From one perspective, director Jodie Foster is unfortunate that Money Monster has been released only a matter of months after The Big Short. Adam McKay's mostly-non-fictional comedy-drama put the 2008 financial crisis front and centre of all that it does, and the director made no bones about his feelings towards those who helped manufacture the crisis or what happened during the years that followed. In comparison, the plot of Money Monster - not based on real life but just as tied to the fallout of 2008 - feels somewhat limp. The big reveal of what shady-CEO-cum-pantomime-villain Walt Camby (Dominic West) has actually been doing with his investors' money during the denouement just pales in comparison to anything reported, or indeed recreated in films such as McKay's, during the last eight years.

To be frank, however, Foster should have recognised the somewhat hokey '90s thriller feel of the script's climax all the way back in 2012 when she was first attached to direct. Even if Money Monster had predated The Big Short, its story arc would still have felt remarkably out of touch with the post-2008 world. Making comparisons with superior films sharing a similar theme feels a little too generous: the story simply fails to resonate as it should thanks to some disappointingly safe fictionalising during the final act, which could easily have been replaced with one of countless recent historical examples to improve matters.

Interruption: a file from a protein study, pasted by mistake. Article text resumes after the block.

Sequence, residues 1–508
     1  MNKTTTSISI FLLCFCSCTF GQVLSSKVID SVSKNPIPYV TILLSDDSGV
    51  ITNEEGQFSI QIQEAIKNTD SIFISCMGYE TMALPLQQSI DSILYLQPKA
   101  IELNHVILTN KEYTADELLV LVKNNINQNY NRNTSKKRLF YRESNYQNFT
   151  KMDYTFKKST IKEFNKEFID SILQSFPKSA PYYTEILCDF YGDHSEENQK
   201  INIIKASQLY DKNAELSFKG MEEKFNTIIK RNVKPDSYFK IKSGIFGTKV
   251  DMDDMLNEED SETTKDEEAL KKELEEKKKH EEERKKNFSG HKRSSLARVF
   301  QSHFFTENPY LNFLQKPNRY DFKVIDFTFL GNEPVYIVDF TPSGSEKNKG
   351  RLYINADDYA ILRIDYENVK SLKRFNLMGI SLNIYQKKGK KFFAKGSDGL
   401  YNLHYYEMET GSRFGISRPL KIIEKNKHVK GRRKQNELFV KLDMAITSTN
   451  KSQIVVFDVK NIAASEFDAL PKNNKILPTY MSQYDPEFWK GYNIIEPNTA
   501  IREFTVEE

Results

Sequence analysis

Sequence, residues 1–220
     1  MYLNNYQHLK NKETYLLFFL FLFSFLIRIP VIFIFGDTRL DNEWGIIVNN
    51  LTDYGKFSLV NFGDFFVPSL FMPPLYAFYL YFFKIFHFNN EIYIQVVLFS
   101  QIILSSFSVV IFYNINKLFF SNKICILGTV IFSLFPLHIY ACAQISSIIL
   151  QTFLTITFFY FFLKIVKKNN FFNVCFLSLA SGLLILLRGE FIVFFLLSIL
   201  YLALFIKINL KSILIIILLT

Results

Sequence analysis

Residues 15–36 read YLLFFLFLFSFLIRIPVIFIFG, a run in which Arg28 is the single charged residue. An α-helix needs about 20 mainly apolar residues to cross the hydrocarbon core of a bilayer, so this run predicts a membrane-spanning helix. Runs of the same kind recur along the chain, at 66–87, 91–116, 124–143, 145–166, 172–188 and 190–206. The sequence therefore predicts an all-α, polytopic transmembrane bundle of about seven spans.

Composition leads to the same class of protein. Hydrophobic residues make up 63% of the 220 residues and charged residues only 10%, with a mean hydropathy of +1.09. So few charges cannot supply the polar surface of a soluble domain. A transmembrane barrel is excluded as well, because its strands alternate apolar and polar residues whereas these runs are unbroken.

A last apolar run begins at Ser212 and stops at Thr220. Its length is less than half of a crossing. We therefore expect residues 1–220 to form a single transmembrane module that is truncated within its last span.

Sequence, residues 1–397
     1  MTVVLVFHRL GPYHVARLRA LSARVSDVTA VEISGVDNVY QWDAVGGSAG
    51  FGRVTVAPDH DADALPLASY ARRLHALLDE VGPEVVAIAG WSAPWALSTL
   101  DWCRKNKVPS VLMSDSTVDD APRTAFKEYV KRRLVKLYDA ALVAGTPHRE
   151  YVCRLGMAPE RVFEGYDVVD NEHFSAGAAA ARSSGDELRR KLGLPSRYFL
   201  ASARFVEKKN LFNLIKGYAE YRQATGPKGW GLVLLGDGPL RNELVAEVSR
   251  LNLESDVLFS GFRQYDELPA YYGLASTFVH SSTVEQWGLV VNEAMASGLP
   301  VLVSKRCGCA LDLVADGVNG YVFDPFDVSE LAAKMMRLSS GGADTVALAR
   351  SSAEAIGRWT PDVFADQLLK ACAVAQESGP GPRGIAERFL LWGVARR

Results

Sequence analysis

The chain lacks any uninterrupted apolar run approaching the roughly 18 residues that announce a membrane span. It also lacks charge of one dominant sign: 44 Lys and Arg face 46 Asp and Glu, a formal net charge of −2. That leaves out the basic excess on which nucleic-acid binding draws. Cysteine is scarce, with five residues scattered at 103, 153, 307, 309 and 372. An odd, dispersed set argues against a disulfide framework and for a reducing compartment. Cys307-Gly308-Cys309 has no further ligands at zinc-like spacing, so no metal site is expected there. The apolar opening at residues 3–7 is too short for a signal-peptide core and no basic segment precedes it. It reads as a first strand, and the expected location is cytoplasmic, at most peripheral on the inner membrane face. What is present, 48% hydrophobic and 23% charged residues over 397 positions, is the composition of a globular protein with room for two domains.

It's a shame, because up to the reveal of its central mystery Money Monster builds a satisfying set-up between its key players. In what initially looks like an excuse for George Clooney to prat around in a variety of silly costumes, Lee Gates gradually transforms into one of the actor's most interesting and developed characters of the last few years. His relationship with Patty Fenn (Julia Roberts), the director of his titular TV show, is a world away from that seen between Clooney and Roberts in the Ocean's trilogy, but achieves the same pleasing chemistry despite the fact that the two share only minutes of screen time together.